It was two weeks ago Friday that a team of 12-year-olds, calling themselves the Hickory Hornets, did what 11 teams before them had done: Walk onto the field with a banner proclaiming them as Harford County's host team for the Cal Ripken World Series. That's where the similarities end. This team was different, and it didn't take long for people to notice.
When Colton Knoble belted his way to the series' annual Home Run Derby title that opening night, that wasn't different. A year ago, Trent Gast-Woodard of the Hornets became the first Harford County host player to achieve such an honor.
Knoble and his teammates took the field minutes later and defeated Middle Atlantic champion Bear, Del., 5-1. Any win in World Series play is important, but this one was significant. Harford teams had won a handful of games in the previous 11 series tries, but none had won out of the gate. Hickory also posted wins over Denver, Homewood, Ill., and Prince George's County, and finished with a best-ever 4-2 series record on its way to becoming the first host team to advance to the U.S. championship.
That first game against Delaware was the only one in which leadoff hitter Garrett McIlhenney did not reach base in the opening inning. Of the six games Hickory played, McIlhenney reached base and scored in the respective first inning four times.
McIlhenney's play earned him a couple of post-series awards, including being named the United States batting champion. McIlhenney led all series hitters with a .667 batting average. He had 12 hits in 18 at-bats, with seven singles, three doubles and two home runs. His 12 runs scored were also a series best.
"I've been thinking of this moment since I was 7 years old," McIlhenney said after Hickory's loss to West Raleigh, N.C., in the U.S. championship game. "Getting here to this game, I couldn't ask for anything better."
Better may have come with his other award, a spot on the All-World Series Team as a second baseman. And he's left-handed, a rarity for that position.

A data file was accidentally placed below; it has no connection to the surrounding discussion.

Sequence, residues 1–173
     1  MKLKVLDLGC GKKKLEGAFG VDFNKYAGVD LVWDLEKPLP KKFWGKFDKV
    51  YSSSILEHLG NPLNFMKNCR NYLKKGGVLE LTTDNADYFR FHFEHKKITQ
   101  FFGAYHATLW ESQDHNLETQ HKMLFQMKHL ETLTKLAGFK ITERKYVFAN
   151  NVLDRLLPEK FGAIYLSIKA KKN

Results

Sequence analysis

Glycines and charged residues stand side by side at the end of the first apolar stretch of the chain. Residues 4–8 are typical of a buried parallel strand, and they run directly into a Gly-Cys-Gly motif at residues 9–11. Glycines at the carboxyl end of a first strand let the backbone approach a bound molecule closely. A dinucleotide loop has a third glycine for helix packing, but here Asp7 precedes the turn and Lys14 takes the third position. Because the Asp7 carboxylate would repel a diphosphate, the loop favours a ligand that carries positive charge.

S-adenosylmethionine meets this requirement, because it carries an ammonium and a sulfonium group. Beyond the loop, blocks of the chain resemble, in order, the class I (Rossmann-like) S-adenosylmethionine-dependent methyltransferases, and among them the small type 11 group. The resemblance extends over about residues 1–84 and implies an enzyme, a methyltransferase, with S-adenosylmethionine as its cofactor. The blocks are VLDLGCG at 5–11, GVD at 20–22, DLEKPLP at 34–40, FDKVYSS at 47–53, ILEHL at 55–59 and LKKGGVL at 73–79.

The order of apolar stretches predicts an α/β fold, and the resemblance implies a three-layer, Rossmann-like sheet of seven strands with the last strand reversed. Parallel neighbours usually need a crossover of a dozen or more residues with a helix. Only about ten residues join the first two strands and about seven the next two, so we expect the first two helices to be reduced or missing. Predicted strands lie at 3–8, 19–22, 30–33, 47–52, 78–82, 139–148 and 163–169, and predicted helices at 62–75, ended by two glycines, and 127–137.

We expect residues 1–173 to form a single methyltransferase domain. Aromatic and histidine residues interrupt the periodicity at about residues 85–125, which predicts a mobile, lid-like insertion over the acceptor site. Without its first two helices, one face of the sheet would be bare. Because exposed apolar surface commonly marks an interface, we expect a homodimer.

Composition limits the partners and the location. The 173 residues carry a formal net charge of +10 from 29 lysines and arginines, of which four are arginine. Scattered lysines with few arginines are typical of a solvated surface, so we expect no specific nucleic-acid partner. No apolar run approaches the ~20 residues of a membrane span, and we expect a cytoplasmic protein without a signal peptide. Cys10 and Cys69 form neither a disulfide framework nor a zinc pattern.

Teammate Philip Winfield also garnered All-World Series Team honors as an outfielder. Winfield was a steady defender in left field for Hickory. At the plate, Winfield was also steady, hitting second behind McIlhenney. Winfield finished 6-for-10 for a .600 average. He had three singles, a double, triple and home run. Winfield drove in five runs and scored 10. The long home run he hit came in the U.S. championship, a game in which Winfield was hit by a pitch three times, one before his blast and twice after.
After the game, Winfield was realistic about the situation.
"I thought it was intentional," Winfield said of the multiple hit by pitches. "Once, that's OK, twice you start to question it, three times, something's wrong. It's not just the mechanics; three times he's doing it to pitch around you."
Winfield also led the team with eight walks.
"Let me just say this — this is a homegrown team," manager Russell Metz said after a win over in-state rival Prince George's County. "All of my players probably live within 10 miles of each other — Bel Air, Harford County area; I live in Churchville."
Two more of the Hickory kids received All-Defensive Team accolades. Knoble made the list as a first baseman, and Ryan Ishak as an outfielder.
"I've had most all of them since they were 7 years old," Metz said. "When you pull that together, here's that camaraderie that you can't get when you pull a player in from this team or that team."
The Hickory team is 12 players strong. Like any team, some are more recognized at times than others. All players, though, are vital to a team's success.
Hickory's roster includes Tyler Leach, Grant Duemmel, Tyler Schimming, Spencer Metz, Andrew Rickard, Bobby Duffy, Hunter Wright and Austin Rohlfing.
"I've got 12 kids that just want to go out and play baseball," Metz said. "These kids know what they all can do for each other."
Metz also acknowledged his coaches, Joe McIlhenney and Matt Rohlfing.
"Thank God I had great coaching," Metz said.